Breast feeding – The First Few Days

New moms are so vulnerable. And most of the medical community does not know how to support breast feeding. I hope this blog will offer information and support. 

Babies are NOT born hungry. They do like to suck. There are two reasons for a newborn to suck – nutritive and non-nutritive. Remember seeing babies during an ultrasound sucking their thumb?  They are not hungry, they are sucking though. Sucking to calm themselves, to relax. This sucking will continue after birth if the infant is allowed, either on their thumb, a pacifier or the breast. 

a side note here – do not cover a newborn’s hands. If their nails are long and you are worried about them scratching their face, get an emery board and gently brush off the sharp edges. Newborns have their hands for the whole pregnancy, do not take away that comfort in those first days after birth. 


Babies have enough nutrition in their body to last 24 hours without eating. I think this is to allow new moms and babes to rest. Babies will root and suck on their hands. Remember non-nutritive sucking. If they are offered the breast at that time, they might suck a few times, then relax, snuggle and fall asleep. I tell moms, two licks and a suck in the first 24 hours is successful breast feeding. 

the only exception to this – if the newborn is born with low blood sugar, it may be necessary to give some calories. This can be done by putting baby to breast or cup feeding a little formula. More on cup feeding in future blog entries. 

Babies should eat 6-8 times a day for about the first 6 weeks. I suggest moms count feedings for 24 hour periods. Baby may eat every hour for 4 hours and then sleep for 4 hours. As long as there are 6-8 feedings in 24 hours, it is ok.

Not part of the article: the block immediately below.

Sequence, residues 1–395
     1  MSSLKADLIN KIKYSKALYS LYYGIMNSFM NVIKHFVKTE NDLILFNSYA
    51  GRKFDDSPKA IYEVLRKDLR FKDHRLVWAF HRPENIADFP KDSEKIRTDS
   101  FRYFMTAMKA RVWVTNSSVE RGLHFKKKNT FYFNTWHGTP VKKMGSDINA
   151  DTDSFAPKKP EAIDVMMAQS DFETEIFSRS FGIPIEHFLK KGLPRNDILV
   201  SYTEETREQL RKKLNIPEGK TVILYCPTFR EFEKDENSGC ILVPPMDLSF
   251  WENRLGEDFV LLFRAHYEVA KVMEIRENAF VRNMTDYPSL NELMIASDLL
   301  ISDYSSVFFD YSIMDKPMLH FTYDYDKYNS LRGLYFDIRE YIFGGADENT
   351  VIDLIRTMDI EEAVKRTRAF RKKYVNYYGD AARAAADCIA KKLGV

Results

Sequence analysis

Baby should have one wet diaper and a bowel movement for each day they are old for about the first week. Pooping is more important than peeing.
Colostrum lasts for about a week to 10 days. Babies stomachs are about the size of a golf ball and colostrum amount is about a tablespoon. Perfect.
Pumping to find out how much milk you have is useless. Pumps are all different, some work better than others but none are as effective as a baby. On average, a baby gets about 3 times as much as a pump.
More info to follow. Contact me with questions: dkemp4586@att.net or write comment.

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2 thoughts on “Breast feeding – The First Few Days

    • Try feeding at one breast per feeding. The last milk in the breast, the hind milk, has the most calories (kind of like skim to whole to cream). If baby gets the cream, they stay satisfied longer.

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